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5 Resume Mistakes You Can’t Afford to Make

5 Resume Mistakes You Can’t Afford to Make

You say you’ve applied to tons of jobs and you’re not getting any interviews. You’ve posted online, you’ve sent resumes through email and snail mail and nothing’s happening. You meet the basic qualifications for these positions, but hiring managers aren’t calling you back for an in-person meeting or even a phone interview.

Someone’s getting these jobs. Why not you?

If you’ve applied to multiple positions you’re qualified for but aren’t getting interviews, there’s most likely a problem with your resume.

Here are five resume mistakes that could cost you an interview. Luckily, they’re easy to fix.

You didn’t proofread your resume

This might be the worst mistake you can make when submitting your resume. Proofreading is more than a quick spell check–you’re looking for grammar mistakes as well as words that spell check won’t catch (their and there, it’s and its). And always make sure you’ve used the right company name in a cover letter or job objective. Use the wrong one and your resume will end up in the trash.

This may sound a little harsh. But think of it this way: your lack of proofreading shows the hiring manager that you weren’t interested enough in the position or the company to put in extra work. What does that tell them about the kind of employee you’d be?

Do whatever it takes to get grammar and spelling right. Read it out loud. Have a friend read it. Read it backward. Your resume should be absolutely error-free.

Your formatting is all over the place

Headings, job titles, bullets, fonts, indentions–these should be consistent throughout your resume. Anything less makes a recruiter have to work harder to figure out if you’re right fit for the position. Make sure your name is in a larger font size and then use boldface, underline and italics (consistently!) to distinguish each section.

You copied your current and previous job descriptions and pasted them into your Experience section

Each job title should include a short description of your position and bullet points that detail what you accomplished while you were there. A job description has too much detail–your resume doesn’t need it. Plus, job descriptions read like corporate-speak and sound awkward when used out of context.

You listed your job tasks instead of your accomplishments

Unless you have an unusual job or were assigned tasks that are not the norm for that kind of position, you don’t need to rehash your daily job duties. Most employers already know what a customer service rep does. Instead, you should include a list of accomplishments for each job. Here’s what that looks like:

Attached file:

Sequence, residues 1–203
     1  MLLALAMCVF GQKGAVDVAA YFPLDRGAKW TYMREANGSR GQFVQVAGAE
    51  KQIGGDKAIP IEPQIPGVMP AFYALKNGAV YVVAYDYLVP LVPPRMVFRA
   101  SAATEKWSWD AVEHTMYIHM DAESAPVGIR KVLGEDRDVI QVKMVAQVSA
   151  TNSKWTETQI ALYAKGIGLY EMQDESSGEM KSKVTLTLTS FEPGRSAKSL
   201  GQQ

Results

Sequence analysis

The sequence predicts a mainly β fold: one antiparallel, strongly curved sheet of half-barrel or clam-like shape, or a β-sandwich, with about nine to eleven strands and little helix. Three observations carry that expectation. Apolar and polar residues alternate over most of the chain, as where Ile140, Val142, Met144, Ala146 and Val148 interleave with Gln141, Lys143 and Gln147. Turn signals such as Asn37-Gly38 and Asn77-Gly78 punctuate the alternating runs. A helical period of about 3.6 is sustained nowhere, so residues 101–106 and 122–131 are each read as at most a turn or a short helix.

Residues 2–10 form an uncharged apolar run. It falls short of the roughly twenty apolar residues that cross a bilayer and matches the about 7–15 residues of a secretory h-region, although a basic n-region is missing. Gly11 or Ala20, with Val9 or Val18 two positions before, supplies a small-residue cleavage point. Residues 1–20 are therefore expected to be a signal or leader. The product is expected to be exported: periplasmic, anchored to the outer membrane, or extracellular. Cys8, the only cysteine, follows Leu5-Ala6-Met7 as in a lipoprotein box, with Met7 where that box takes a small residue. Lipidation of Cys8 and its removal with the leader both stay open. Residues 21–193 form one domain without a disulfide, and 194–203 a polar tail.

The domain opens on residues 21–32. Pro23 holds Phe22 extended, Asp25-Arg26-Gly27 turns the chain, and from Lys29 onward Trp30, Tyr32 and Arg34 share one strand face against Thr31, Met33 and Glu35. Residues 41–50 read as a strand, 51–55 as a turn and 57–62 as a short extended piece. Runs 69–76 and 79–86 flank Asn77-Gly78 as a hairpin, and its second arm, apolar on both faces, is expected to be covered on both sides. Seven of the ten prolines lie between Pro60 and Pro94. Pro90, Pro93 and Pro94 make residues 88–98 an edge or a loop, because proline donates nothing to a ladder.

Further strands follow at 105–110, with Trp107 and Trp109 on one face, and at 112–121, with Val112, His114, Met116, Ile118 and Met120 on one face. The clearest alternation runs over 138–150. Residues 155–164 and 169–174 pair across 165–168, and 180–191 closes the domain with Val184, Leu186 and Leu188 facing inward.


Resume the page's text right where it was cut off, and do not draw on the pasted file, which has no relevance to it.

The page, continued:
Customer Service Representative, ABC Company

Task-focused: Answered phones, routed calls to other employees, handled customer complaints, filled out customer complaint forms.

Results-focused: Increased customer retention by 15% in one year by promptly addressing customer complaints and taking steps to resolve them. Decreased time to resolve customer complaints by 25% by developing a strategy designed to streamline inbound calls and emails.


You’re using the same resume for every job posting

Customer Service Rep. Marketing Assistant. Event Coordinator. The same resume should work for all entry-level positions, right? Wrong. Each resume you write should be tailored specifically to the job you’re applying for, even if it’s the same type of position at two different companies.

Go through the job description and notice words the employer uses in the Tasks Required and Skills sections. Do they want someone who’s fluent in Microsoft Excel? List it in your Skills section (if you have that skill–don’t lie). Are they looking for a candidate with the ability to analyze complex data? Make sure one of your bullets lists a time when you analyzed data and what results you achieved.

Time to clean it up…

Don’t let a sloppy resume be the reason recruiters and hiring managers are passing on you. A great resume will improve your chances of making it through to the first round of interviews. Follow these steps to get the basics down and the interviews will come.

For more information on resumes or interviewing or to make an appointment with an OPCD advisor, click here.


5 Tips for Writing the Perfect Cover Letter

5 Tips for Writing the Perfect Cover Letter

Computer-Guy-800pxSummer is almost here—and whether you’re hunting down that perfect internship or applying for your first “real” job, there’s an often overlooked and extremely important component of the candidate- screening process you need to know about: the cover letter.